• - Incubate overnight in cell culture with a 10x diluted freshly made dilution of InfectoSTOP in complete culture medium

    The above cell treatment can be repeated twice if necessary.

    The dilution and incubation time of InfectoSTOP must be adjust to your own cell culture

    To eliminate contamination in anchorage-independent cells

    Same procedure as above, but before rinsing and incubation, pellet the cells by brief centrifugation.

    Storage and Stability
    •  InfectoSTOP is stored under -20° C at our facility and is shipped on dry ice.
    •  If the product is to be used immediately, thaw in a 37° C water bath or overnight at 4° C.
    •  If thawed in a water bath, do not leave the product at 37° C for more than 1 hour.
    •  When stored at 4° C, InfectoSTOP is stable for at least 2 weeks.
    •  If the product is not to be used within 1 week after receipt, we recommend storing it at below -20° C in a freezer that is not self-defrosting.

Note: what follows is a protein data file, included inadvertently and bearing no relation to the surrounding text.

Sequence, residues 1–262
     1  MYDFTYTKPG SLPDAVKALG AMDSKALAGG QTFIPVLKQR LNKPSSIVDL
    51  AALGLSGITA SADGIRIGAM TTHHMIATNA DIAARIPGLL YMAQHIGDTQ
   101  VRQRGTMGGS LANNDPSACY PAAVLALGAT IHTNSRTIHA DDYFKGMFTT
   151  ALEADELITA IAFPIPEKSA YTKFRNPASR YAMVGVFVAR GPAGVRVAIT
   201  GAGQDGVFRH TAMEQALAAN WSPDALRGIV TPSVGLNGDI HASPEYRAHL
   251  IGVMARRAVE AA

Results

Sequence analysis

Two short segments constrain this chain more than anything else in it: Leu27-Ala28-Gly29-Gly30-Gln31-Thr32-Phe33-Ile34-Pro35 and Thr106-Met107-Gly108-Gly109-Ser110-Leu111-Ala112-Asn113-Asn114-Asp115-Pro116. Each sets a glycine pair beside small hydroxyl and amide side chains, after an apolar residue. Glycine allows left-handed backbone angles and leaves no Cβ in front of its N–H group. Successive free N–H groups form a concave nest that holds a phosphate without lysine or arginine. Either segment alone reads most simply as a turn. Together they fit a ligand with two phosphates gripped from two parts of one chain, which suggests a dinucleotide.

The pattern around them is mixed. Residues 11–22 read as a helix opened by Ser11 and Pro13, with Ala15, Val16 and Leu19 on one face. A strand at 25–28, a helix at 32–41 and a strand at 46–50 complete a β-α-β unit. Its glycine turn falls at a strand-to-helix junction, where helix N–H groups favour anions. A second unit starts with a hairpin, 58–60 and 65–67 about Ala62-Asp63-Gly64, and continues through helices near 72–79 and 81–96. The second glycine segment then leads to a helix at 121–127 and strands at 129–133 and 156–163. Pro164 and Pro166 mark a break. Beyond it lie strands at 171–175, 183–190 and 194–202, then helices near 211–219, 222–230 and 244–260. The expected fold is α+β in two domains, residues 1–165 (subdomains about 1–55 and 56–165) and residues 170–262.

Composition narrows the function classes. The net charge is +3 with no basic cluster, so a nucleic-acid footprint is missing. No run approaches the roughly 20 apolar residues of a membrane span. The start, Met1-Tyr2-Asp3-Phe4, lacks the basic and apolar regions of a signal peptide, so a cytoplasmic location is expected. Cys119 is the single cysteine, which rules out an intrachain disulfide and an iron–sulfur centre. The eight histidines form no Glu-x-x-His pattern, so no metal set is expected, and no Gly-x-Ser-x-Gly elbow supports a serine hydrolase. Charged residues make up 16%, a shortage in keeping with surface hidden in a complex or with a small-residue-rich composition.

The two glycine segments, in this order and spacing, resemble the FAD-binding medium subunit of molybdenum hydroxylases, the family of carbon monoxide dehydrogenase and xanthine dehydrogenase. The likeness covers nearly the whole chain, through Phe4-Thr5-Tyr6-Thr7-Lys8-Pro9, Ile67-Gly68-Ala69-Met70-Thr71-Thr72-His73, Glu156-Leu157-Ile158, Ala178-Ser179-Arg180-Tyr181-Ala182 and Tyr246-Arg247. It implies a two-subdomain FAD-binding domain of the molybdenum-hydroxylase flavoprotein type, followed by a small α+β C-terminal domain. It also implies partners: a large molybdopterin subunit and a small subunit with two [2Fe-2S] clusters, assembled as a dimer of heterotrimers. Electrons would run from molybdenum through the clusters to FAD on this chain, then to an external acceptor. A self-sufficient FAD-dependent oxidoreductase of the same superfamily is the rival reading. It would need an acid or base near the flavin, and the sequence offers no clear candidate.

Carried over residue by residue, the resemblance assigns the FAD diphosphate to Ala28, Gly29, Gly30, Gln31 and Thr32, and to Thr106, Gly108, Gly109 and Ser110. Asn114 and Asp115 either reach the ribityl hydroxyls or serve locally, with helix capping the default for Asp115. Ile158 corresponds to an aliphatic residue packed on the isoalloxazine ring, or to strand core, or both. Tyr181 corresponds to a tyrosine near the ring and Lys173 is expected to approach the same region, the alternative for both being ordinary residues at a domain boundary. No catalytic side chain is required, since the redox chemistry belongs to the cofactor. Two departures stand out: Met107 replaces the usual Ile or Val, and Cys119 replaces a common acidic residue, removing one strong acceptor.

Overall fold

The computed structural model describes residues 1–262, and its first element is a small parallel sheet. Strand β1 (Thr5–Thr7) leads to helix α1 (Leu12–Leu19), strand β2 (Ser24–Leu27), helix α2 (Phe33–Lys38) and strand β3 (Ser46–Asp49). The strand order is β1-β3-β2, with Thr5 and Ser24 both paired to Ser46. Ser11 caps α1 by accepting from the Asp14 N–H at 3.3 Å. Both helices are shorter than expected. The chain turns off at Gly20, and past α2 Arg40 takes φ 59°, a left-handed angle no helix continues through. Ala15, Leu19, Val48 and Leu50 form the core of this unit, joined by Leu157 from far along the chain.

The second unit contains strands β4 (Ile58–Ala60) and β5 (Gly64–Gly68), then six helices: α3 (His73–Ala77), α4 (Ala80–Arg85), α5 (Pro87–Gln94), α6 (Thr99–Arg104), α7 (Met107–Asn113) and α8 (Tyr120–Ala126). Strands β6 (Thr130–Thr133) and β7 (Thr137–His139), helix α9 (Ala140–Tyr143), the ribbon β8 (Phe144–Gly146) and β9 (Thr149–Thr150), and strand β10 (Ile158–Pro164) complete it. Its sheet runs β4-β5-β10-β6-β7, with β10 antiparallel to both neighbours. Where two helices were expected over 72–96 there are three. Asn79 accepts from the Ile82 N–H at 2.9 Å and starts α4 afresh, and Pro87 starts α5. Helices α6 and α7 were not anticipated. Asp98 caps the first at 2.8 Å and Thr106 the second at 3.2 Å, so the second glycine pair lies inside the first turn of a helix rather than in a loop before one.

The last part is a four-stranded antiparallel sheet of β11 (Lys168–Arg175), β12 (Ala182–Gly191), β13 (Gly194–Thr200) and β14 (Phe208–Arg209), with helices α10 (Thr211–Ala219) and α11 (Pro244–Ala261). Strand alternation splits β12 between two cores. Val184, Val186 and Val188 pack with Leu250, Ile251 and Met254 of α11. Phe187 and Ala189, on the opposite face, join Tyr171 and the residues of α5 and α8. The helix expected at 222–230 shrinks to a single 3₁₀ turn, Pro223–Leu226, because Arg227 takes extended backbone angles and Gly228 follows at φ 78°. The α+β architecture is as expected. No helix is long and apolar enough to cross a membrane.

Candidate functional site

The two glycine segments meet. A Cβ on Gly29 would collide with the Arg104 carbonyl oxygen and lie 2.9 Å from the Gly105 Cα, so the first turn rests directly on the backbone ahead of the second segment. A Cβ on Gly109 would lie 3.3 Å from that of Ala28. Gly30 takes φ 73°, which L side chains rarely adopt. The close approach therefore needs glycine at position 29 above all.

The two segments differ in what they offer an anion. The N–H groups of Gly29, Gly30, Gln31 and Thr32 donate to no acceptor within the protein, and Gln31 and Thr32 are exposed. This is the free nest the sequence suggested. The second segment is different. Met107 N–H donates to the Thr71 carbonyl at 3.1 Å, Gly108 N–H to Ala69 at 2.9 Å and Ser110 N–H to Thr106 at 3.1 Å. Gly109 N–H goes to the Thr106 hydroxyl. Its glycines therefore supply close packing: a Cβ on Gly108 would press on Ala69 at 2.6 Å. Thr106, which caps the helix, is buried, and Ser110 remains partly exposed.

•  Do not thaw and refreeze more than once. When stored at below -20°C, the product is stable until the expiration date shown on the label.

    Handling:

    GLP techniques should be employed for the safe handling of this product.

    This includes observing the following practices:

    • - Wear appropriate laboratory cloches including a lab coat, gloves and safety glasses.
    • - Do not mouth pipette, inhale, ingest or allow to come into contact with open wounds. Wash thoroughly any area of the body, which comes into contact with the product.
    • - Avoid accidental autoinoculation by exercising extreme care when handling in conjunction with any injection device.
    • - Handle the product under sterile area.
    • - This product is intended for research purposes and should be handled by qualified personnel only. It is not intended for use in humans or in animals. Gentaur is not liable for any damages resulting from the misuse or handling of this product.
    Components

    One bottle of 25 ml.

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    Published in Promos